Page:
Who should be screened for cervical cancer?
Q: A friend’s mother was diagnosed with cervical cancer. Should I be worried about this, too?
A: Cervical cancer occurs when there is uncontrolled cell growth that starts in the cervix. Sadly, more than 13,000 women in the United States are diagnosed with invasive cervical cancer every year.
More than 20% of cases of cervical cancer are found in women over 65, according to the American Cancer Society (ACS).
A recent study by the Centers for Disease Control (CDC) found that older women up to age 80 are as likely to contract cervical cancer as younger women. In addition, the study found, “Cervical cancer incidence rates increased with age and were higher for black women than white women.”
Since January is Cervical Health Awareness Month, now is a good time to be considering the topic. The good news is that cervical cancer is one of the most preventable types of cancer, being largely caused or boosted by a virus for which we have a vaccine.
The human papillomavirus (HPV) is the most common type of sexually transmitted infection. Although it is harmless in most cases, it can lead to genital warts or cervical cancer.
The risk factors for cervical cancer include: having human immunodeficiency virus (HIV), smoking, long-term use of oral birth control, giving birth to three or more children, and having multiple sexual partners.
The ACS recommends that the two most important things to do to fight cervical cancer are to get the HPV vaccine if you are younger than age 45 and/or to be screened regularly by medical professionals for signs of cervical cancer.
Q: Is the HPV vaccine for everyone?
A: No. The Advisory Committee on Immunization Practices recommends that children aged 9 to 12 get vaccinated. Children and young adults aged 13 to 26 who have not been vaccinated, or who have not received all doses, also should be vaccinated as soon as possible.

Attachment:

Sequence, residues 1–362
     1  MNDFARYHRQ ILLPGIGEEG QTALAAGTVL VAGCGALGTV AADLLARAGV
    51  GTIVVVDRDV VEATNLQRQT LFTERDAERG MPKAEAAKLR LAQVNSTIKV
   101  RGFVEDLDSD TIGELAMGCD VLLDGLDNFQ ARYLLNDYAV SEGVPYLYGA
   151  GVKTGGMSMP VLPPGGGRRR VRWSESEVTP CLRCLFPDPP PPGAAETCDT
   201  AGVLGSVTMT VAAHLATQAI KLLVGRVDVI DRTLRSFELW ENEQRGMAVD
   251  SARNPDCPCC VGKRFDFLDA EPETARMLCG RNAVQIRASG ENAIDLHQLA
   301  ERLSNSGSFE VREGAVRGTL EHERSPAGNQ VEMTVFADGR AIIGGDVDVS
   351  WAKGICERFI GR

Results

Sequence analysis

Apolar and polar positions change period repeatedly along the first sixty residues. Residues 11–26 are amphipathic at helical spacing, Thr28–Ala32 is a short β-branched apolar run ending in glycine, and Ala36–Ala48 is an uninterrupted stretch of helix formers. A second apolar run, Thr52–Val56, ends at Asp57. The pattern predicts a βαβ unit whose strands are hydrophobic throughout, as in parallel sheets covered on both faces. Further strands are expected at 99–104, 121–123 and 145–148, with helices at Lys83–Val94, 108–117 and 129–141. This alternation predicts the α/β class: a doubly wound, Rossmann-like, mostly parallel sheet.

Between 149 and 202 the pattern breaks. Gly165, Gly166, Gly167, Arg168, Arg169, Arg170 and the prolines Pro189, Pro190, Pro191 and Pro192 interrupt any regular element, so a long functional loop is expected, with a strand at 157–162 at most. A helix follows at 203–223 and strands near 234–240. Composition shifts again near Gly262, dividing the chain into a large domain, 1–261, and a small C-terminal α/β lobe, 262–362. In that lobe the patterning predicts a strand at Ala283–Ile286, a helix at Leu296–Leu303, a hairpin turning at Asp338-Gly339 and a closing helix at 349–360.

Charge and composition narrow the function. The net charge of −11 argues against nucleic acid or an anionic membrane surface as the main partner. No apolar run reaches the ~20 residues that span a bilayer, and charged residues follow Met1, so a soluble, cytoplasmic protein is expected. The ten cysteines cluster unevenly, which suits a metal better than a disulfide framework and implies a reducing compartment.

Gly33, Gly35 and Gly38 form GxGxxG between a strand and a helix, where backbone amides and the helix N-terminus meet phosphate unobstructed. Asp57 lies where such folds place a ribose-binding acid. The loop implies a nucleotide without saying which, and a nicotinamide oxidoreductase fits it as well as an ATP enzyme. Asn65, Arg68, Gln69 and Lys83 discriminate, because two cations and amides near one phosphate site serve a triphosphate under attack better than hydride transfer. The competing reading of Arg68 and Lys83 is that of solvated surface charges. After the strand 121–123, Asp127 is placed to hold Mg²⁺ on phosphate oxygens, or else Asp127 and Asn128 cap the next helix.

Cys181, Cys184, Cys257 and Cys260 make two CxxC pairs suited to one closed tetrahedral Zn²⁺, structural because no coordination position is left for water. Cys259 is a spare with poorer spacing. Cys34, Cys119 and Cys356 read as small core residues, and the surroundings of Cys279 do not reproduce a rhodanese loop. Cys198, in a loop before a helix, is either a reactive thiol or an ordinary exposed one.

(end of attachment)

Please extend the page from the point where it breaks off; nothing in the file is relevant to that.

Adults aged 27 to 45 should discuss the vaccine with their healthcare providers. Recent data has shown that a small population may benefit from late vaccination.
Q: What screenings should I get?
A: The two screenings recommended by the ACS are:
—Pap test: looks for “precancerous cells” on the cervix that may become invasive if not treated, and
—HPV test: looks for human papillomavirus, which can cause the precancerous cells on the cervix to become invasive.
Pap testing is recommended starting at age 21. Pap and HPV co-testing are recommended starting at age 30 up to at least age 65.
The CDC recommends that women be screened every three years until at least age 65. As its website states, “The only way to know it is safe to stop being tested after age 65 is if you have had several tests in a row that didn’t find cancer within the previous 10 years, including at least one in the previous five years.”
Q: What else do you recommend?
A: As stated before, one modifiable risk factor is smoking. If you need smoking cessation help, reach out to your healthcare provider or local pharmacist. You can discuss your needs for vaccination and screenings with them as well.
Joel Castillo is a fourth-year Pharm.D. student at VCU School of Pharmacy. He majored in chemistry at Virginia Commonwealth University. After graduating from pharmacy school, he hopes to pursue a career in ambulatory care pharmacy, emergency pharmacy or oncology pharmacy.